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PBS Airs Mindblowing Doc “Wagner’s Dream” About MET Opera’s Production Of Wagner’s “Ring Cycle”

by • September 12, 2012 • Books, Design, Film, History, Inspiration, Music, Nature, Style, Technology, The Universe, World Of ArtComments (0)499

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On Monday night I happened to be flipping through the channels and came across the beginning of PBS’ brand new documentary Wagner’s Dream.  From the very first minute I was glued to my seat, immersed in a story so enthralling even Richard Wagner (1813-1883) himself would have been mesmerized. Directed by acclaimed documentary filmmaker Susan Froemke, the film chronicles the 5-year journey undertaken by master director Robert Lepage who was commissioned by the METropolitan Opera in New York to bring Wagner’s 4-part, 16-hour Ring Cycle into the 21st century.  And to say Lepage got the job done would be the understatement of the century.

The journey begins five years ago inside Lepage’s groundbreaking Quebec City studio Ex Machina, where Lepage began the initial concept development for the massive undertaking.  Stumped at first, Lepage decided to take a trip to Iceland which is where Wagner began his own Ring Cycle journey.  Thirteenth century nordic myths were the original source inspiration for Wagner, and they provided him with the narrative skeleton for his epic.  The most important of all being the Poetic Edda, a collection of Old Norse poems primarily preserved in the Icelandic mediaeval manuscript Codex Regius.  Along with Snorri Sturluson’s Prose Edda, the Poetic Edda is the most important extant source on Norse mythology, and it is here where anyone attempting to reimagine Wagner’s masterpiece must begin.  Lepage was not only overtaken by the power and beauty of these treasured pages, he was equally enchanted by the geology of Iceland itself.  It was this cracking, buckling, hissing, and steaming landscape which gave rise to the true star of the show: Lepage’s ingenious set piece which has became known as “The Machine”.  The Hollywood Reporter writes:

Lepage’s staging — built around a 90,000 pound machine whose independently moving planks twist to evoke myriad mythological settings — is technically daring enough to occupy the documentary’s first hour. Initially, it’s difficult to believe the thing will work without killing anyone.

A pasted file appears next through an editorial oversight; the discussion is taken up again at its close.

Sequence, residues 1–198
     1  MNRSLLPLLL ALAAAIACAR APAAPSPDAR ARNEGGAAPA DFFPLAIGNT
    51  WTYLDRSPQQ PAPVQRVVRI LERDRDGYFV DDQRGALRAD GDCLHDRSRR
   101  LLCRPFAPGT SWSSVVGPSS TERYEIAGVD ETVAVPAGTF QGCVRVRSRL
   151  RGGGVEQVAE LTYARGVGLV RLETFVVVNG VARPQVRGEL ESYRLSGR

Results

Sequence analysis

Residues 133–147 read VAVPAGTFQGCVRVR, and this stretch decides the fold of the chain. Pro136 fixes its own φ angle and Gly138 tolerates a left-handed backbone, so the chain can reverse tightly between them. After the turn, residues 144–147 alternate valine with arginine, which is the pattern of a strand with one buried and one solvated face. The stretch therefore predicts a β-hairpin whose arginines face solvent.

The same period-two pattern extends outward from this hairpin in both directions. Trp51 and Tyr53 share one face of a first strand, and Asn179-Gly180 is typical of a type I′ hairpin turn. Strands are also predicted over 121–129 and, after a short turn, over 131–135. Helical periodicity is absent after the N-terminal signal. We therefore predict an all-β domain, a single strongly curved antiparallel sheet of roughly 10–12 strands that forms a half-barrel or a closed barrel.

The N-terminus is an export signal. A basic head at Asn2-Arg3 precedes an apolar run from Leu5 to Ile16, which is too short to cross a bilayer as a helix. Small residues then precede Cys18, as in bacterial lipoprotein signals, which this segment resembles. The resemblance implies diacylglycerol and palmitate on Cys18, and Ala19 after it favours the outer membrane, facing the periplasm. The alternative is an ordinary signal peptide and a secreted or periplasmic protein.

The doc continues to follow Lepage as he works out the kinks of his gigantic moving “toy” as he affectionately calls it, through to The Machine’s installation inside the MET’s New York stage.  The gigantic apparatus is so heavy that engineers had to reinforce the structure of the MET itself to keep the stage from collapsing as The Machine needs to not only hold its own in place, but also must be wilded off the side of the stage in order for other productions to take place as well.

Wagner’s Dream introduces us to other pivotal figures in the story, including the man whose idea it was to engage Lepage in the first place — the MET’s newly-appointed General Manager Peter Gelb, who deserves the biggest credit of all for embarking on such a daring undertaking.  Under enormous pressure by the administration of the MET to balance the books, and restore the MET’s fading reputation as the crown jewel of opera, Gelb will go down in the history books as the man who shook up the stuffy, often Grinch-like opera community, and proved to the world once again that the only way one can give rise to truly indelible magic is to step outside one’s comfort zone.  Together, Gelb and Lepage will go down in history as modern opera’s greatest heroes.

Wagner’s Dream is so brilliant, some MET officials might even be tempted to go META and build an entirely new opera around the making-of Lepage’s Ring Cycle.  I have a feeling if Wagner was alive today he would be the first to dream of writing it.  His source material this time, however, would be Susan Froemke’s exquisite film. To find out when Wagner’s Dream is playing next be sure to visit PBS.org.  Furthermore, PBS is currently airing each of the four parts of The Ring Cycle from now until September 14th.  And if you’re lucky enough to find yourself in New York during the spring of 2013 you can see the performances live in person — nothing less than history in the making.  For schedules and ticket information you can visit The METropolitan Opera.  And for more information on the documentary be sure to visit WagnersDream.METoperafamily.org.

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